First Reference company logo

First Reference Talks

News and Discussions on Payroll, HR & Employment Law

decorative image

Arbitrator upholds termination for excessive absenteeism

A recent arbitration decision upheld the termination of an employee for excessive but innocent absenteeism. In Sault Area Hospital and Ontario Nurses’ Association (April, 2014), the nurse suffered from various gastrointestinal and respiratory illnesses which seemed to reoccur every few months causing her to miss work. The Hospital repeatedly offered to consider accommodation, but the nurse chose not to consider any type of part-time or transfer options. Readers of Focus will remember that an arbitrator previously upheld the conversion from full-time to part-time as a final attempt to accommodate an employee’s excessive absenteeism (Conversion from full-time to part-time due to excessive absenteeism – Arbitrator upholds Hospital’s action). The Hospital eventually terminated the nurse’s employment claiming that the employment contract was frustrated by years of poor attendance. The Union grieved the termination and sought reinstatement on the basis that the Hospital failed to show that the absenteeism was so excessive that the employment relationship was fundamentally and irreparably breached.

At arbitration, Arbitrator Hayes set out the test for the termination of an employee for innocent absenteeism:

In short, it is accepted that an employer seeking to sustain the termination of an employee in the case of innocent absenteeism must establish: (a) undue absenteeism in the grievor’s past record, and, (b) that the grievor is incapable of regular attendance into the future. [Para 52]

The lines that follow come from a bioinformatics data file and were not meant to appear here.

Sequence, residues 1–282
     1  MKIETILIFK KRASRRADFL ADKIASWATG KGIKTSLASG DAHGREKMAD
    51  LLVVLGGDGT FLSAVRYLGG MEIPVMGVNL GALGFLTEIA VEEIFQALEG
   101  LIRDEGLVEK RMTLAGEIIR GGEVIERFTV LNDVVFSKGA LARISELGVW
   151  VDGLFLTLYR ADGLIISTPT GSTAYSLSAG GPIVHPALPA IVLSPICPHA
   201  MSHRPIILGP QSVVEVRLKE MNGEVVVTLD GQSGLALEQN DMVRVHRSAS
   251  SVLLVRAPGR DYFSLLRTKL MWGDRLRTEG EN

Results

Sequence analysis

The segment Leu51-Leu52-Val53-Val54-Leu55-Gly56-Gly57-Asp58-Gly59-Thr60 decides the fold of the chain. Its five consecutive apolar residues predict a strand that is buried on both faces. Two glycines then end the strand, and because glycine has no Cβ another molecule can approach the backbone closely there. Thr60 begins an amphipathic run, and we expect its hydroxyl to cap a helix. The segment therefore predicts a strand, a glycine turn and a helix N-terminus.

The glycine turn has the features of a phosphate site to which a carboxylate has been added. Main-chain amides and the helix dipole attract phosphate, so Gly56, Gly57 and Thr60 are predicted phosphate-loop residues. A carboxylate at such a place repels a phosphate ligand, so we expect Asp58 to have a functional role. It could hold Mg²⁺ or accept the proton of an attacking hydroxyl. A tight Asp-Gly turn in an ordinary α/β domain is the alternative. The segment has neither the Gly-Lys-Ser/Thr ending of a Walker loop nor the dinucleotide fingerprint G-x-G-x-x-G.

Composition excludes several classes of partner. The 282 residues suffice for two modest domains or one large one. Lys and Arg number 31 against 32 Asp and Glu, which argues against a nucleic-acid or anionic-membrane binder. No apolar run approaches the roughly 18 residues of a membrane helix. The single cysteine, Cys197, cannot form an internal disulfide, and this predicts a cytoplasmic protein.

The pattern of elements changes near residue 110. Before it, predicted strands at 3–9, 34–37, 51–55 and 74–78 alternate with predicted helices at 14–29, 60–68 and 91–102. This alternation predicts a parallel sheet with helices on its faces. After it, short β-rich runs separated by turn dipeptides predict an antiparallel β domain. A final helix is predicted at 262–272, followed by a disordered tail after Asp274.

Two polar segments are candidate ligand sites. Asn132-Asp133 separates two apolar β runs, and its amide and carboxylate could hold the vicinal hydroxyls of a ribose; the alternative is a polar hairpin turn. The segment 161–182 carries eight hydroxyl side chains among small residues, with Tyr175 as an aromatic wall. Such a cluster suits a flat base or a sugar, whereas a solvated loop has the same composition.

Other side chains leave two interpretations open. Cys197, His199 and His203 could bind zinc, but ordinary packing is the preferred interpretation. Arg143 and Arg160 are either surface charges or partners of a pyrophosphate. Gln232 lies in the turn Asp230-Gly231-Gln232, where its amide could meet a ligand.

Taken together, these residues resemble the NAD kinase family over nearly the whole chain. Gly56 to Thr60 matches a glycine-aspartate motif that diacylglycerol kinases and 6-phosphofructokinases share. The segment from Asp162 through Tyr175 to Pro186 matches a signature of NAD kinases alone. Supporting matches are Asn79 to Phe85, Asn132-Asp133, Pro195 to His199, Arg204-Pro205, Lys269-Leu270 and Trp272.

In terms of the first part of the test, the Arbitrator had little difficulty concluding that the grievor’s absenteeism was excessive. The grievor’s absenteeism was well above the average for her department, and she had been in the Hospital’s Attendance Management Program (AMP) for several years. Under the AMP, the grievor was warned that her attendance would be monitored for the following six month period. During this time the grievor’s attendance showed no improvement.

In considering the second part of test, the Arbitrator noted that there was no evidence that the grievor’s attendance would improve in the future. In fact, the grievor’s own family physician, in responding to questions posed through the AMP, stated that the Hospital should not expect any improvement in the grievor’s attendance in the future. The Arbitrator concluded that if the grievor was reinstated, it would be highly unlikely that she would attend work on a regular basis.

Having found that the Hospital had satisfied both parts of the test, the grievance was dismissed.

By André Champagne
Reproduced with permission from Emond Harnden LLP
For further information, please contact André Champagne at (613) 940-2735.

Occasional Contributors

In addition to our regular guest bloggers, First Reference Talks blog published by First Reference, provides occasional guest post opportunities from various subject matter experts on the topics of payroll, employment and labour law, payroll, HR analytics, corporate immigration, accessibility related issues in Canada. If you are a subject matter expert and would like to become an occasional blogger, please contact Yosie Saint-Cyr at editor@firstreference.com. If you liked this post, subscribe to First Reference Talks blog to get regular updates.
Kindle

, , , , , , , , , , , , , , , , ,

Comments are currently closed.